St. Patrick

One of our own

As I write, the third grand-niece has appeared. Yes it’s 3-0 to the ladies in the latest  generational chain of our family tree. Instinctively when we glimpse a newly-born we see signs of their parents, grandparents and relations, a chin, an eye, a nose, a particular way of holding their head. We look for signs of the familiar. I suppose in a way it’s our way of saying of the child “he/she is one of our own.” It used to be a much used phrase to describe someone, sometimes at a social gathering. To hear the words “one of our own” – was their way of saying “we accept you.”

I wonder when I look at St. Patrick, have we truly and perhaps untruthfully made him one of our own. Green vestments, crozier in one hand, shamrock in the other. Not bad for a  Welshman (probably Welsh if we are correct about the location of his birth place “Bannaven Taberniae” as described In The Confessions).  Patrick is a fascinating character and has something for everyone. The unwilling migrant (he came as a slave), member of a very fluid world coming from the declining Roman Empire. He had a deep sense of his identity and a sustaining faith in the most challenging of circumstances. He didn’t need geographical borders to describe who he was. I have always found that in the shifting sands of politics and people’s incessant need to draw borders, that faith in Christ knows no boundaries.  Being part of a believing community has knitted me in prayer with people all over the world. It’s always been so. Take  Willibrod of York, Carlow and then Europe, an Englishman whose signature is the oldest datable signature of an English person. Columbanus the first European who set off via Carlow/Wexford to Bangor, then Annegray and Bobbio in Europe.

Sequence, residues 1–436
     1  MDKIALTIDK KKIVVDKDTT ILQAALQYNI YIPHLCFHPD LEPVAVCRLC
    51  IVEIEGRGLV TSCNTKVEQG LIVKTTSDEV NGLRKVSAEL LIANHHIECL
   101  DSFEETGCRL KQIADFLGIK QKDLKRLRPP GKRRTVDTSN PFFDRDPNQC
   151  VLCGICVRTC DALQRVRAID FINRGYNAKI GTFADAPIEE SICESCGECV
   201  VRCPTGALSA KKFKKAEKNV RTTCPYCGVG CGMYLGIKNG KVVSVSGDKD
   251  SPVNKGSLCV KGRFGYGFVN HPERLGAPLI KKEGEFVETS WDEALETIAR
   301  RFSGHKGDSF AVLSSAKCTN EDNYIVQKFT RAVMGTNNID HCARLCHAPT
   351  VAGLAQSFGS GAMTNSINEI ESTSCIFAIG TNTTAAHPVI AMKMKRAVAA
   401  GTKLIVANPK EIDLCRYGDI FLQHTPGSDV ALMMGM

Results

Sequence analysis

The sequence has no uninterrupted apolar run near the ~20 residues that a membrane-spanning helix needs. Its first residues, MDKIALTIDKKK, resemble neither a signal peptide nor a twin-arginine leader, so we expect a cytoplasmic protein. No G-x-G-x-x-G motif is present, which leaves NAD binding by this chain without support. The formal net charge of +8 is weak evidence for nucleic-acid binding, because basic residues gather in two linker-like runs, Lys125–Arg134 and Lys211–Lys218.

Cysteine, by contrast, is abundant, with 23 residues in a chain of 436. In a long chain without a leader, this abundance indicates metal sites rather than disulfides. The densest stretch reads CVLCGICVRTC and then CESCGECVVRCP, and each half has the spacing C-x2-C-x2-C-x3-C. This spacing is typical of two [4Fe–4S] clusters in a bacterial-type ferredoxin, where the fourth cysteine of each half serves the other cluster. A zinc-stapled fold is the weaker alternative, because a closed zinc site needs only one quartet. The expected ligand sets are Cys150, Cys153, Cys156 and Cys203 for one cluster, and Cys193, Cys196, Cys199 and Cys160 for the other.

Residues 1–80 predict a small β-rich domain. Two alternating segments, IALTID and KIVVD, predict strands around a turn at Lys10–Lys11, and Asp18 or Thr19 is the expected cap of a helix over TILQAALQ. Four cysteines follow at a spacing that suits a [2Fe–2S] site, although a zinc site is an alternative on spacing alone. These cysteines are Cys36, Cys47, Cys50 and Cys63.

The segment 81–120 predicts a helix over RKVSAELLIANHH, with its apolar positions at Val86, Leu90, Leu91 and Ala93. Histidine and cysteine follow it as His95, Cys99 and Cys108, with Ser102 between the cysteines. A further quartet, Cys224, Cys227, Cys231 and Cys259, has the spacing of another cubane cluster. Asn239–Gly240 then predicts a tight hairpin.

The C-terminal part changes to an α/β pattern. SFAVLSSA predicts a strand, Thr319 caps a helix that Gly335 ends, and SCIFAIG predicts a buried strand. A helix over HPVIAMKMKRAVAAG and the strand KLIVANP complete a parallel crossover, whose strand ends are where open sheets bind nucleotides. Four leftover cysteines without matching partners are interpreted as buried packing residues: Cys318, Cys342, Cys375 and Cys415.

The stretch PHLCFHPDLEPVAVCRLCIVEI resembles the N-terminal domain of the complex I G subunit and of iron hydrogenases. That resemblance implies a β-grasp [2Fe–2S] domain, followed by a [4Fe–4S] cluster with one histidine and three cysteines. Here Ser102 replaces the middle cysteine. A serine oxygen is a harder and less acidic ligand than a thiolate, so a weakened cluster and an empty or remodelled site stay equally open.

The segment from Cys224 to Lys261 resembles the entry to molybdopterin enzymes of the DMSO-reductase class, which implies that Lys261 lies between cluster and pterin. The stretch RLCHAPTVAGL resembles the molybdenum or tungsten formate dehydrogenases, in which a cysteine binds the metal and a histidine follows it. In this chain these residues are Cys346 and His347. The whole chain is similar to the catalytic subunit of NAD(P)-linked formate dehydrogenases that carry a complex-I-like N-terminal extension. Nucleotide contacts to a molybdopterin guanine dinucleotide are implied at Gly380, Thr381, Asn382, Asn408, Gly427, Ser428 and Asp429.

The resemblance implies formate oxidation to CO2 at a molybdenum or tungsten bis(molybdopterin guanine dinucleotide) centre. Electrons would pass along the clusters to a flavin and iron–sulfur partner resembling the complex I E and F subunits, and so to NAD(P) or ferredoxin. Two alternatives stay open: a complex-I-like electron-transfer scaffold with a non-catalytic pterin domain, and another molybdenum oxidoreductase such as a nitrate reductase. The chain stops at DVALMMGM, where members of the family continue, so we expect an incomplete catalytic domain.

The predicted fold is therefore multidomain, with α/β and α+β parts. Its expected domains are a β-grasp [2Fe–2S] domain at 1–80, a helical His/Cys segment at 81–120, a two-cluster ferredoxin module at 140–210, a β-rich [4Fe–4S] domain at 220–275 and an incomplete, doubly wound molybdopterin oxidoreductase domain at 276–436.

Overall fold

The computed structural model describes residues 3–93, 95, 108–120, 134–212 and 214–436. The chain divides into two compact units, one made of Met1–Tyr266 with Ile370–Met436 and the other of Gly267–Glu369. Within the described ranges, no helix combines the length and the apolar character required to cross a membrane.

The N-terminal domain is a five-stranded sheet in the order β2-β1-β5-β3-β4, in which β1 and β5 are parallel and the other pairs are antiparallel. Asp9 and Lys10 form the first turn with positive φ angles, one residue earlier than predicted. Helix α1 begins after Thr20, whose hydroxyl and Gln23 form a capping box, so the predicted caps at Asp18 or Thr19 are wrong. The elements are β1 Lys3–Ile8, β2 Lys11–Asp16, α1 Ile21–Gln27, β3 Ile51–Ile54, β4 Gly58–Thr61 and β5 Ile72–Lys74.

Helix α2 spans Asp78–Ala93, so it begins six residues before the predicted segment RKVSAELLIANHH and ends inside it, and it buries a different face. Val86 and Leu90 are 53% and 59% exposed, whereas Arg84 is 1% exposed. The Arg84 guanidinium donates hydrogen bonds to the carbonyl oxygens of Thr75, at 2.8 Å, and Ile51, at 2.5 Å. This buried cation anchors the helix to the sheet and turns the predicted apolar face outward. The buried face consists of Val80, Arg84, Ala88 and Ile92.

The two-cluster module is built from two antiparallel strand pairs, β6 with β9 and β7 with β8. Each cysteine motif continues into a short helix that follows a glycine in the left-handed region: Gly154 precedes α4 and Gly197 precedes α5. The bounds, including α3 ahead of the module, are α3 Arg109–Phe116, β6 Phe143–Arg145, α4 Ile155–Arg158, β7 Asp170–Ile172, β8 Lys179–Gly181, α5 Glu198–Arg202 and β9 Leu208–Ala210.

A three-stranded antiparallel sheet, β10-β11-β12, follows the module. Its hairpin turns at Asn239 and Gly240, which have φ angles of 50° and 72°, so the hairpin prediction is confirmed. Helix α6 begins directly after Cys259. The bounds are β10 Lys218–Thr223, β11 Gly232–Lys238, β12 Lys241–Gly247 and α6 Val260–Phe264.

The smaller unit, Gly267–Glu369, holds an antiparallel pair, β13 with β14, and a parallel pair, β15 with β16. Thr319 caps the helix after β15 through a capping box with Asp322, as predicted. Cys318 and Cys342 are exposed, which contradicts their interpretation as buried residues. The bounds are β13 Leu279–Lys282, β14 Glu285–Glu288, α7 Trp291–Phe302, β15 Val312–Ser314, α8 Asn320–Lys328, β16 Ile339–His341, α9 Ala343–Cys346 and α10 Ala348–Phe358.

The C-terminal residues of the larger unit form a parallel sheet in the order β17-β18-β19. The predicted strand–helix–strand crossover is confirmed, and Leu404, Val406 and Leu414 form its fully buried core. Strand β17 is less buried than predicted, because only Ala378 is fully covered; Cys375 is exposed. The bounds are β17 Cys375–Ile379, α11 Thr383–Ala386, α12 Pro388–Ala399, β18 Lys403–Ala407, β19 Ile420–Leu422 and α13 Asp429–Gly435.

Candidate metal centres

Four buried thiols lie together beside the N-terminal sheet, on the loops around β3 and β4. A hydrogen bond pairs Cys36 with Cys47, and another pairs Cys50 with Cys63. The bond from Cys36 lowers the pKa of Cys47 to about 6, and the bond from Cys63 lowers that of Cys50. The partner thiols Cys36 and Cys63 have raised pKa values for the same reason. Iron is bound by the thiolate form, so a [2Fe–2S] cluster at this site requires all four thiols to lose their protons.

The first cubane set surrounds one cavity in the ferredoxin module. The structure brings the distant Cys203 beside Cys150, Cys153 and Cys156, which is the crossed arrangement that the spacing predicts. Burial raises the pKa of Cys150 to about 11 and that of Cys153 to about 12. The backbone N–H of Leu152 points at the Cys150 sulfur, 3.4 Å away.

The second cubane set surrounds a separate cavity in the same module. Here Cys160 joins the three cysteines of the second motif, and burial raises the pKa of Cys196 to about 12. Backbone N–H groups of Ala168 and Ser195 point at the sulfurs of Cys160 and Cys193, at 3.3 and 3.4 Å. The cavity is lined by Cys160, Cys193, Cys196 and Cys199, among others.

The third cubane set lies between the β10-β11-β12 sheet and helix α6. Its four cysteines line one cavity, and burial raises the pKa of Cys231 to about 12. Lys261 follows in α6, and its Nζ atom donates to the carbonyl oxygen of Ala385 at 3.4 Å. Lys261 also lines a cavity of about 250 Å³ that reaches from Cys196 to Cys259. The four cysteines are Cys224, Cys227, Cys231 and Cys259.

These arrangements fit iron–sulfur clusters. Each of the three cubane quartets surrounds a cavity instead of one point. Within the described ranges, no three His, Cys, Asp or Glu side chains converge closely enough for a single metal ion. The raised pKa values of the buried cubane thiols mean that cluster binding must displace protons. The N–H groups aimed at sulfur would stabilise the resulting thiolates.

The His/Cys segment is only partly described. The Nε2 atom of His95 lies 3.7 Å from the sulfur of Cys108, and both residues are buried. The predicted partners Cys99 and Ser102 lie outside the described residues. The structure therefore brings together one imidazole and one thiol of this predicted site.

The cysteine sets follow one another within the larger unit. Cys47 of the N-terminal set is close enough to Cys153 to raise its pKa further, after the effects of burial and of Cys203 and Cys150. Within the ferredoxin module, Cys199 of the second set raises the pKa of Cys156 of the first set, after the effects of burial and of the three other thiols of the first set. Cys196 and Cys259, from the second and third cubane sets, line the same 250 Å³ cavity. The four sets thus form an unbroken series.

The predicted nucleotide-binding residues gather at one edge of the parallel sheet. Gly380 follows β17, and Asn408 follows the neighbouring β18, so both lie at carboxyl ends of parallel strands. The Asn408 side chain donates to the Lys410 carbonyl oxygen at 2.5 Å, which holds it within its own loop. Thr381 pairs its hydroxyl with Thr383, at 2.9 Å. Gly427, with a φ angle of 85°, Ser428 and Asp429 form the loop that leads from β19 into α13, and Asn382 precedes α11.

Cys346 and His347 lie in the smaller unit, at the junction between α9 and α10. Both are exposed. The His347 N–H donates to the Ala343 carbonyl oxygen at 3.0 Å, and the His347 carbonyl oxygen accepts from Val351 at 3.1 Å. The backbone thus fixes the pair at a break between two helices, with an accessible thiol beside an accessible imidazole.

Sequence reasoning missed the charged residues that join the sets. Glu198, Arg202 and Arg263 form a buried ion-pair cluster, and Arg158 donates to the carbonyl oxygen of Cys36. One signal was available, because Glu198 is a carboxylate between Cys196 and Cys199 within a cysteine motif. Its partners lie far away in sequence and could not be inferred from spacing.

Some 1600 years on, it is not unlike the time of St. Patrick. He got his personal identity from prayer. We have Churches and Angelus Bells- whatever about them being silenced. St. Patrick had so little.  All that he needed to remind him of his dignity as a child of God lay within.

In honouring St. Patrick we include and do not exclude. We are part of a large family.

We are all one in Christ- your ethnic origin is irrelevant. Happy St. Patrick’s Day.